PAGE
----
I hope your treatment goes well and the birth of your child. In 6 months time, life will look very different for the 2 of you.

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HappyDays40 · 17/01/2022 14:48

Sounds to me like she is probably feeling like she should be he centre of attention as she is pregnant and she is not getting what she wanted as understandably you are unable to fulfill the amount of attention she craves.
Chemo is a shock to the system and so is pregnancy but I think chemo trumps anything at the moment. You are ill with a health condition and she is not. I think you need an honest chat maybe with someone from your oncology team about how chemo can make people feel (with her there). Sorry you are going through such a tough ime.

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WhatToDo1988 · 17/01/2022 14:48

She's massively masively unreasonable but she may be lashing out out of frustration. 8 months pregnant, about to give birth, this is the most difficult time in her life too. She would be very uncomfortable and doing it alone, it would scare the shit out of me. BUT it's not as bad as chemo and she needs to snap out of it because she's being horribly uncaring. Maybe a calm conversation on a day when you feel better and you're both calm would help.

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WeeFae · 17/01/2022 14:49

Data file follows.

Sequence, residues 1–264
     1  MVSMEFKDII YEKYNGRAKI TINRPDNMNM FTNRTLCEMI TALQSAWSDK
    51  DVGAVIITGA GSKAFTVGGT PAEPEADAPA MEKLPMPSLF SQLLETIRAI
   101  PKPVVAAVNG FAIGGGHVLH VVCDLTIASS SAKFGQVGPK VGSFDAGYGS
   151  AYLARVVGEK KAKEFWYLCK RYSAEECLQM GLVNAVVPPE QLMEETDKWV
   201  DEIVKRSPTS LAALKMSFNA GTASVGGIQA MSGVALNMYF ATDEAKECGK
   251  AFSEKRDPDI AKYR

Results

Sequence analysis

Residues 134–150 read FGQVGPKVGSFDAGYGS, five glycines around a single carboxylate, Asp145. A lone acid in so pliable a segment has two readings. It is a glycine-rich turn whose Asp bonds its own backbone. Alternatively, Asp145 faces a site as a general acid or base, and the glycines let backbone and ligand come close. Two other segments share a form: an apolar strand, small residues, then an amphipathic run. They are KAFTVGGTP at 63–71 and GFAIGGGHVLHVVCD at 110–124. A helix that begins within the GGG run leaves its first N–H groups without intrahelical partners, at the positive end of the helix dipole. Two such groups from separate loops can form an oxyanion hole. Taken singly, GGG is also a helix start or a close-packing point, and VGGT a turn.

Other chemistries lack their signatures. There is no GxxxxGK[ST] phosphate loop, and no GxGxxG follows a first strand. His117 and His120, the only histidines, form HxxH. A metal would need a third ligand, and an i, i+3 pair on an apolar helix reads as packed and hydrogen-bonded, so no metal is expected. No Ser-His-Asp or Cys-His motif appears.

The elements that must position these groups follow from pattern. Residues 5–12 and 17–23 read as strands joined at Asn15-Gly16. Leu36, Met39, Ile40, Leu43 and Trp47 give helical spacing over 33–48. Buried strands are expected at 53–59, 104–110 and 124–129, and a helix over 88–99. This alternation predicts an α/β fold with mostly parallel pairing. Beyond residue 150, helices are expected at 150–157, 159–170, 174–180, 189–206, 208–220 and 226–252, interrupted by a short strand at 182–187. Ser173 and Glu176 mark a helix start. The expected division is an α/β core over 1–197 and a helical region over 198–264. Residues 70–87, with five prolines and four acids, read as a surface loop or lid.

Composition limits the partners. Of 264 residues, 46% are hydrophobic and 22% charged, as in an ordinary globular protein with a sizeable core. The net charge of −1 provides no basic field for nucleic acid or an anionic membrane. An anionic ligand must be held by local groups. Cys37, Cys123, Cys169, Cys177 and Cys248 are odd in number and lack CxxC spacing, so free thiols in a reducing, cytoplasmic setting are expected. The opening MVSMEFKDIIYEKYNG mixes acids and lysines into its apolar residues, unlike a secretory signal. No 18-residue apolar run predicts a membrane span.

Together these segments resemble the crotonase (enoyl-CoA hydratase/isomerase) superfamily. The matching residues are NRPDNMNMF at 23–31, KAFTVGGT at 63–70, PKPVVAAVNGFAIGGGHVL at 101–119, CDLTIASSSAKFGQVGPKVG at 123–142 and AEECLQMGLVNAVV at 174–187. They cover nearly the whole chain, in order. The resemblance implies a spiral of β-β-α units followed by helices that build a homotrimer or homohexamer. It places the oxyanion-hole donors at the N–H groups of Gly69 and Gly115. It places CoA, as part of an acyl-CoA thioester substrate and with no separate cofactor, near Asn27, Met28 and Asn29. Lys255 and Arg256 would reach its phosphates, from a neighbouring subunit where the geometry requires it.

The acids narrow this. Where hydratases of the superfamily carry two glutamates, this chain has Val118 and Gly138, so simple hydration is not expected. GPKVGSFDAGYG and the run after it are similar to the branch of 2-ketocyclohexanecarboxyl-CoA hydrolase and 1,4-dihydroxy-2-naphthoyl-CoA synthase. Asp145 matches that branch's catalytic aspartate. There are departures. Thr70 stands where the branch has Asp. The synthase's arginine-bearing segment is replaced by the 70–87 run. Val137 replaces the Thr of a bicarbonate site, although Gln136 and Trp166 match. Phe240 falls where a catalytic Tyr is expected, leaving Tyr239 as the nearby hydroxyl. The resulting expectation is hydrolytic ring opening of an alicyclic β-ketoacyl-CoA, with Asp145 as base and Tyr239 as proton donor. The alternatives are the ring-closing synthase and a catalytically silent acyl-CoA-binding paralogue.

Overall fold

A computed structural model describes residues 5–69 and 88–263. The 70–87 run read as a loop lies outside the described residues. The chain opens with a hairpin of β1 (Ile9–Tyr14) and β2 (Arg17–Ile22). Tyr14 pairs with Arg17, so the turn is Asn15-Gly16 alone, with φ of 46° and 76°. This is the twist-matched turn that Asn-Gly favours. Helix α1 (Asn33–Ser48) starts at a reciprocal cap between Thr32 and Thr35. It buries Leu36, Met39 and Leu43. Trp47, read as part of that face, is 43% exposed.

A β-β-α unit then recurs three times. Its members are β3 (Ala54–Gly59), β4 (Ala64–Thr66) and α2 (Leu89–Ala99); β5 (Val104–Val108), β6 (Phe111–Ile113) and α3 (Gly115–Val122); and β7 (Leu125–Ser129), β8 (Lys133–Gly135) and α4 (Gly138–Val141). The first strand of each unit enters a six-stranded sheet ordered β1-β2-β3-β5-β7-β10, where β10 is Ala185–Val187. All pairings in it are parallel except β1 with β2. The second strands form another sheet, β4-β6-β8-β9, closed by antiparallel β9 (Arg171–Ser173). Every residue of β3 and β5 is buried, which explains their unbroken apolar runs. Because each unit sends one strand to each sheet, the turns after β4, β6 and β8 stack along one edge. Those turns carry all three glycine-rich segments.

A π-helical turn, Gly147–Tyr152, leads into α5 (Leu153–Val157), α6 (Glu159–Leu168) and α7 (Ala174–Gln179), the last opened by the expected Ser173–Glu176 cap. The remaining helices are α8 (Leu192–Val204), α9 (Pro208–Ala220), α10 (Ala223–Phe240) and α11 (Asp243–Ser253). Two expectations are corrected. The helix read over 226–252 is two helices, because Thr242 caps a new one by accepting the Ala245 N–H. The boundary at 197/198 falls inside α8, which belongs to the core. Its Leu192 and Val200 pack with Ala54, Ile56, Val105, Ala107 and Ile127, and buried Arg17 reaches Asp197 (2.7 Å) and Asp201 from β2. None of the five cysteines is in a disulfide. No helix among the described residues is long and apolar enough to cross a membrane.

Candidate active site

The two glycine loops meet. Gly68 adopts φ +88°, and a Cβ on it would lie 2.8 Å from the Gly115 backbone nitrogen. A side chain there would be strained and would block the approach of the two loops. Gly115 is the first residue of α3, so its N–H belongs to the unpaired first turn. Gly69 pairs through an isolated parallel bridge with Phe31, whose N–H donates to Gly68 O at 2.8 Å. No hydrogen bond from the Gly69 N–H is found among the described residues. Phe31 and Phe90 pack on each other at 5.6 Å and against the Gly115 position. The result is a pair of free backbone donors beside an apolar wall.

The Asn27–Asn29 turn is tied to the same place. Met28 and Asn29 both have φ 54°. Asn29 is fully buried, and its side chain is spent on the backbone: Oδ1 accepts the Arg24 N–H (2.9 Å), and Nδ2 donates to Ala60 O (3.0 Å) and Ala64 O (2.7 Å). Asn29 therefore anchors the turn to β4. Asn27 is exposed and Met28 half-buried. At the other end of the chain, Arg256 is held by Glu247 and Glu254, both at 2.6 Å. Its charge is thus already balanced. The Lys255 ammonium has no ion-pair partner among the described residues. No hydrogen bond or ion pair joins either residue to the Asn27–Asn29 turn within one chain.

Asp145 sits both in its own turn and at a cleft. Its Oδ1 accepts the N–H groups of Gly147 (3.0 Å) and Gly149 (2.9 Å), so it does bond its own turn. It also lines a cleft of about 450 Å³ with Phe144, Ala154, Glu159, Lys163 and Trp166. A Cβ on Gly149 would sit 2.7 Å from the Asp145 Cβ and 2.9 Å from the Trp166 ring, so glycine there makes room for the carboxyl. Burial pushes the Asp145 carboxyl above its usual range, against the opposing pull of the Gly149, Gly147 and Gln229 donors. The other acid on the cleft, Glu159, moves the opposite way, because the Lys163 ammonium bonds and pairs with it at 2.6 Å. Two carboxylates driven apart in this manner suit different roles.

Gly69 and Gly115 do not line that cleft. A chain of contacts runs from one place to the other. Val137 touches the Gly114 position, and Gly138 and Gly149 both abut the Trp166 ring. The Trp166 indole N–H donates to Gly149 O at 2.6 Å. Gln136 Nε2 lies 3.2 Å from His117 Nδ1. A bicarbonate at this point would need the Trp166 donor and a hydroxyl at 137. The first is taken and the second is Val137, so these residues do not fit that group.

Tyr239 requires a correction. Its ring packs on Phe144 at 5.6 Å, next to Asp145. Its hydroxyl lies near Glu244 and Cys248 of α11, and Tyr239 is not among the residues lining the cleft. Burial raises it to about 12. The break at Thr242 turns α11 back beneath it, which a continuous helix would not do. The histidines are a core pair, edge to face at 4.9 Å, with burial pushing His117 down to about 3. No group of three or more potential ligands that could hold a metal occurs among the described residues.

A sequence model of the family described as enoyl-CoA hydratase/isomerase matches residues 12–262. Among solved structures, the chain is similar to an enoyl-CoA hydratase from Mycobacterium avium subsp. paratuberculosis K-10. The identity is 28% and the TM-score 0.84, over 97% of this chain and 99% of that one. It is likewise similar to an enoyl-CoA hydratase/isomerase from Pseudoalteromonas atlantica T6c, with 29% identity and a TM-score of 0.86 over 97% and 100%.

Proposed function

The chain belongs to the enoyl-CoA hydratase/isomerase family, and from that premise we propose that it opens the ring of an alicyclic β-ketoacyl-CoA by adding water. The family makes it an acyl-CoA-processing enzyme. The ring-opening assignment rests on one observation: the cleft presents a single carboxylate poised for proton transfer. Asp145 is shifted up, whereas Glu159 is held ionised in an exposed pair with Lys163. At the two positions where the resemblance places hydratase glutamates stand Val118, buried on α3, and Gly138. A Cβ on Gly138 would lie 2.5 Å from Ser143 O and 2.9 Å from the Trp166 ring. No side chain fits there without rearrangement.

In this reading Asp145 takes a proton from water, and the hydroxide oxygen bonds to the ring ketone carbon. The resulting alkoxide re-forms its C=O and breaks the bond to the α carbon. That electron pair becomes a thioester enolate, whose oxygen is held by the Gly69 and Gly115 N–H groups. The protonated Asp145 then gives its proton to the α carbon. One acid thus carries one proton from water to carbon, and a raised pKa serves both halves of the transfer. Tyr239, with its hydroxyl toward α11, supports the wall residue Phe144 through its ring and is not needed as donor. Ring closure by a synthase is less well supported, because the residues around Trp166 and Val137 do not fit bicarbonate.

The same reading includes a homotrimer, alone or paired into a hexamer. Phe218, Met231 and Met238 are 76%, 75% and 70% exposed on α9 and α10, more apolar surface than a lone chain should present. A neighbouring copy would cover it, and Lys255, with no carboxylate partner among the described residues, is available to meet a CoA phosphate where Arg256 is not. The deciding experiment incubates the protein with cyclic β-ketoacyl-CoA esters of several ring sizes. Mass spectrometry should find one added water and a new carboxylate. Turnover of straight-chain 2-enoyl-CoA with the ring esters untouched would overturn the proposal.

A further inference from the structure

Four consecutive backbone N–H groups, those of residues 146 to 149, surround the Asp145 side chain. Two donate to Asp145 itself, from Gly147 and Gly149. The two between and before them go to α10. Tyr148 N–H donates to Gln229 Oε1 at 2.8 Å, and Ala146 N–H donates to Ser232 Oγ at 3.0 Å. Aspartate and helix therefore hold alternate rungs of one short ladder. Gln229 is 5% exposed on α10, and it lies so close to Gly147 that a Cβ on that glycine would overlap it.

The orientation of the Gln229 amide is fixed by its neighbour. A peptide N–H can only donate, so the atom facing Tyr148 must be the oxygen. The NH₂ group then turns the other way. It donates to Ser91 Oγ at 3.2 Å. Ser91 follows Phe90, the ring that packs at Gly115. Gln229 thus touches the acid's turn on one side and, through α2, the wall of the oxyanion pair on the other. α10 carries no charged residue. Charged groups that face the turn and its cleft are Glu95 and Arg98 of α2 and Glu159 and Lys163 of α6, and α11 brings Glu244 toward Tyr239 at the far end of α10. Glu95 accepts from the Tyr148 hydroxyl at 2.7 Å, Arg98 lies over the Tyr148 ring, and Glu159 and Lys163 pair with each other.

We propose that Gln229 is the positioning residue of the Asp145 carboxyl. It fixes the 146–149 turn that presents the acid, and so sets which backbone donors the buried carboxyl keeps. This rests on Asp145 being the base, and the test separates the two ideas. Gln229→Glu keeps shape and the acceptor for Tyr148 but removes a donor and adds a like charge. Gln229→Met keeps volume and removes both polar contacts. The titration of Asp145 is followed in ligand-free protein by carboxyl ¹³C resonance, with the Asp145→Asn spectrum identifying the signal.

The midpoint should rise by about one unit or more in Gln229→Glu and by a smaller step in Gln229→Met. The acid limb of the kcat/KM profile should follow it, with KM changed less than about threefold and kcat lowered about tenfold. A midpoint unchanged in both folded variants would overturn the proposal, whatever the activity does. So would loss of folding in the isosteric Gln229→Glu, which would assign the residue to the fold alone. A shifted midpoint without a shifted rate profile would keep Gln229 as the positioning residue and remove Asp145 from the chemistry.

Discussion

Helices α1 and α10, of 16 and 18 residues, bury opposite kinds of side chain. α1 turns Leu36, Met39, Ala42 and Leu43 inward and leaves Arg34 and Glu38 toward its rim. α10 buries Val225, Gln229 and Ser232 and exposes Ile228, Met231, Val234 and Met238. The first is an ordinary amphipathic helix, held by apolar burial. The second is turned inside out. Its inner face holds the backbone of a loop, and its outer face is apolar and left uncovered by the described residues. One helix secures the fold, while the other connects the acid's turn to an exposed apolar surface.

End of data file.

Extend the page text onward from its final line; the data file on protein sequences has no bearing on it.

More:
I am also going through chemo at the moment, I know how awful it is. I can only work part-time from home just now, so well done to you!

Your partner sounds like she doesn't get it, how debilitating this is for us, and how terrifying. She is also probably terrified herself. It is really unfair though.

Can you steer her towards a charity or forum for those who support cancer sufferers? I know my family found them helpful. Breast Cancer now has a forum section, especially for friends & family supporters.

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AllThePogs · 17/01/2022 14:49

I would advise you to talk to MacMillan for support.

You will get a lot of people saying she is being unreasonable and on the surface she is.
But cancer brings up a lot of emotions for everyone involved and does not always lead to people behaving reasonably.
It is the same in any traumatic situation. Even the most loving couples do not always treat each other well.